Wednesday, January 31, 2007

Day 2 - A season for nonviolence

2 -- Today, I will look at opportunities to be a peacemaker.

Okay, on first blush, this one doesn't look so hard. I just have to look at the opportunities, right? Not actually do anything? Maybe I'll work up to action by day 34 or so...

In truth, this one is difficult for me. I don't think I'm unusual that, as a female, I feel at times like it's my sworn duty to make peace between people around me; often, this is unhelpful for everyone. It's not a long path from trying to be a peacemaker to trying to please everyone, and I have come to realize that I've made a lot of relationships more difficult than necessary by doing just that. Being a peacemaker may be more of a tightrope act than I've realized in the past. Too much action or effort often decreases the peace, yo. (It had to be said.)

As a grad student, I don't get to interact with a lot of other people on a daily basis -- I'm holed up in a cave, just me and my laptop and my well-worn copy of Unix for Dummies. It's not hard to make peace with or between people who aren't there. I'll probably get my opportunities to practice this after I go home, since my mother-in-law is currently visiting us. I'm going to do my best to listen to her, and be with her, with a clear mind. I'm going to try not to listen for negativity or criticism, and try to hear what she really means, as opposed to fixating on the words she says. She and I have different native languages and different ingrained cultural assumptions, so I'm going to work on giving her that space to be who she is and not judging her according to my own history and assumptions. I'm going to try.

Tuesday, January 30, 2007

A season of nonviolence begins today

The 64-day period from Jan. 30 (the anniversary of the death of Gandhi) until April 4 (the anniversary of the death of Martin Luther King, Jr.) has been designated a Season for Nonviolence by some group called the Association for Global New Thought. This past Sunday, our church included an insert in the order of service with a list of 64 ways to practice or promote peace and nonviolence, one for each day of the season.

I like the idea of taking these practices into my life for the next couple of months, so I'm going to try to incorporate them into this blog. Some days I may just list the daily practice; some days I'll reflect on it or share how I incorporated it. The basic daily list is linked off the AGNT website, but I can't seem to link it directly here.

Day 1: Today, I will reflect on what peace means to me.

I'm actually a bit proud of myself, because I woke up this morning at 4:30 with a backache and the knowledge that I was going to have to get out of bed to go to the bathroom before I'd be able to fall sleep again, which would normally be a guarantee of future resentment and crankiness. Once I get out of bed, I'm generally awake for at least an hour. As I lay there, trying to convince my feet to leave the quilt behind, I started thinking about peace instead, and what it does mean in my life. The older I get, the more I lose touch with my desire for "world peace" -- it's become something of an irrelevant construct, and an idea that is fanciful, at best. It surprised me this morning to realize that I don't find that depressing, though. I do believe in peace, but I believe in it in a very personal way, and on an individual level. It's a cliche, but there you go. Peace in the world begins with peace in your own heart.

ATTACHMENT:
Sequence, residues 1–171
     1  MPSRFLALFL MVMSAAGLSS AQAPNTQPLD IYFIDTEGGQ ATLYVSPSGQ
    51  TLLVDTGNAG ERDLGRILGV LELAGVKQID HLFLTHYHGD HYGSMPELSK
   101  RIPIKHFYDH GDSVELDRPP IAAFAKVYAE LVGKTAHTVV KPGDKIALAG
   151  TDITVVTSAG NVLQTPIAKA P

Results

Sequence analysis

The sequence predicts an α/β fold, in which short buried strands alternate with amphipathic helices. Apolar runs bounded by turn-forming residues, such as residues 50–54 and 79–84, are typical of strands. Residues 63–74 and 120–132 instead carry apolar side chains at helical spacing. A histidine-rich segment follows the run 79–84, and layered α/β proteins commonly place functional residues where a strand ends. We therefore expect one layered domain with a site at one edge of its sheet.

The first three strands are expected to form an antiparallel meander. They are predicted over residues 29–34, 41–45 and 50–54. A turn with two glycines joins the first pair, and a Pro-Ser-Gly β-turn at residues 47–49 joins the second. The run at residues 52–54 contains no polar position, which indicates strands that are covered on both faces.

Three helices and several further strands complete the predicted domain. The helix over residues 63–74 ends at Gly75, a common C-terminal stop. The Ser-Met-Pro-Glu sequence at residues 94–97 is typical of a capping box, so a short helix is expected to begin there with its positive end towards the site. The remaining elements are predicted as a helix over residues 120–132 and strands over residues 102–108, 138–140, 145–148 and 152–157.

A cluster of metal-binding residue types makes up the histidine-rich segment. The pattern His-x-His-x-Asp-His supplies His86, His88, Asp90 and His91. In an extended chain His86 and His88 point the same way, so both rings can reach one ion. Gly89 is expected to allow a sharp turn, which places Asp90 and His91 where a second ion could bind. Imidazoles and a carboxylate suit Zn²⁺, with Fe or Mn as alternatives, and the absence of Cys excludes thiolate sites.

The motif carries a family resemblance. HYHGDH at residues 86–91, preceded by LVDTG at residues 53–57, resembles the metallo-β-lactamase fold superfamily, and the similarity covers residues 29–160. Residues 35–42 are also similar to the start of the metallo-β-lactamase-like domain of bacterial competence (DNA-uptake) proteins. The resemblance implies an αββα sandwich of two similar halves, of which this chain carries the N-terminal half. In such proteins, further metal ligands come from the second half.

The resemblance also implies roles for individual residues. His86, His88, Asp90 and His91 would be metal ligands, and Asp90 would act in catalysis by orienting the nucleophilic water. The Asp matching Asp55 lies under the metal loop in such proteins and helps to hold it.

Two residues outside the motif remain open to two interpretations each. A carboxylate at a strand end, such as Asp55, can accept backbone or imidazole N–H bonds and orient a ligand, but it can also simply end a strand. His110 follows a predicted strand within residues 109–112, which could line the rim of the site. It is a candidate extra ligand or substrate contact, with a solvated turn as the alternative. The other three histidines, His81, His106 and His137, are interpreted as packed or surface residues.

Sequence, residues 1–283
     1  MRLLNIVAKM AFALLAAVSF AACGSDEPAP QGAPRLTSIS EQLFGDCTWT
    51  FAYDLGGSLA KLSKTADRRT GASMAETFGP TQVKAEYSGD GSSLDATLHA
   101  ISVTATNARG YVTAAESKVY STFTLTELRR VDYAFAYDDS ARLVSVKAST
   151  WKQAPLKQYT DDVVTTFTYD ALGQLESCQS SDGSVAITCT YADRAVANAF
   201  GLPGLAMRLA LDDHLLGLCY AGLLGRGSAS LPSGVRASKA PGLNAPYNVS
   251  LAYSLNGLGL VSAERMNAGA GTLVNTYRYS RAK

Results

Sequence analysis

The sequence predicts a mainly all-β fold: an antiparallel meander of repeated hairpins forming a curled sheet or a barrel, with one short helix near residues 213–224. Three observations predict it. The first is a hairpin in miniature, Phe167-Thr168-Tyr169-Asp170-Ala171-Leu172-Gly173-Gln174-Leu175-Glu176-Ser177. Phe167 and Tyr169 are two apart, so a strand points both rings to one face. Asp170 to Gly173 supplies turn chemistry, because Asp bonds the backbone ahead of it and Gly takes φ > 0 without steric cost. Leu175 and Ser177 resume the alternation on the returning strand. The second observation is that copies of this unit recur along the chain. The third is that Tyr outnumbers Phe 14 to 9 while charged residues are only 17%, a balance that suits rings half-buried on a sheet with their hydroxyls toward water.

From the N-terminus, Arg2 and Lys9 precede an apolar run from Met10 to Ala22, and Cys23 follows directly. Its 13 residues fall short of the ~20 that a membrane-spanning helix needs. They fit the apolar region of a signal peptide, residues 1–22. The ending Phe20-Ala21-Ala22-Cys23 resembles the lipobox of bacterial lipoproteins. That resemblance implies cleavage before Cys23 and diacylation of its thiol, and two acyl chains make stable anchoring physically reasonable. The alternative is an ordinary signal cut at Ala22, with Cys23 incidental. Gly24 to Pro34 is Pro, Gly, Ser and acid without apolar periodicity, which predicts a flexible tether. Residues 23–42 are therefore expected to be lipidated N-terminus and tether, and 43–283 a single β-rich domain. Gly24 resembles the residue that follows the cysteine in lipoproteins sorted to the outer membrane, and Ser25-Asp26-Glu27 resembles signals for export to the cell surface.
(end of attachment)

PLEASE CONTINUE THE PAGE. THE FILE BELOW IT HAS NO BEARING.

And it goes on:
Peace in my own heart -- now that's something I can work on.

Now, later in the morning, after not getting much more sleep, a particularly discombobulated breakfast time, a cranky Rocco, a self-centered WonderGirl, a bizarre interaction between my car's belly and a metal something-or-other which my car won, but only after sustaining $600 worth of bruises, and a DT who had to spend far too much energy helping everyone else, when he really needed to be helped himself, I can say that I do feel peaceful. I'm sure it won't last all day, even, but for now, waking up with the thought of peace first in my mind, and meditating a bit on the idea that peace at home is intensely relevant, has left me better off than I would have been had I slept later and not had that quiet time, waiting to be able to convince myself to get out of bed.

Friday, January 26, 2007

Old habits die hard

Here are a few things that I know to be true:

  1. I am not pregnant.
  2. Given #1, I cannot currently be miscarrying.
  3. If I were miscarrying the baby with which I'm not pregnant, it wouldn't be happening through my nose.
And yet, just now, when I blew my nose and saw a bit of blood, my heart started racing and my stomach dropped. I wonder if I'll ever fully lose those reactions.

Wednesday, January 24, 2007


Yesterday I attended a fairly small and informal talk given by Bitch PhD. I've never seen a blogger in real life, and as she's just now starting to straddle the line from anonymity into open identity, I'd never seen her picture. As I wandered around the building, trying to find the room where she'd be speaking, I found myself wondering if each person I saw was her -- but what does a feminist, political, open-marriage-embracing, maternal academic blogger look like?

Pretty much like you'd guess, actually. She does the confident, geeky hip look very well.

Her remarks were mostly focused around mentoring graduate students, and some obvious changes that could and should be made in the process. The focus was squarely on humanities disciplines, and if it hadn't been, I think I would have run from the room, gasping for breath. The length of time it takes to get a PhD in English, for example, and the job prospects afterwards are, to put it bluntly, depressing. Whatever issues I have, at least I'm not facing the question of, "Okay, now I've spent 8 years working on my degree, my personal life is shot, and I don't know how to take care of myself anymore -- which of these jobs outside of my discipline am I willing to take in order to pay the bills?" So. There's that. At least I haven't spent 8 years here, and I'll likely get a job in my actual, you know, field.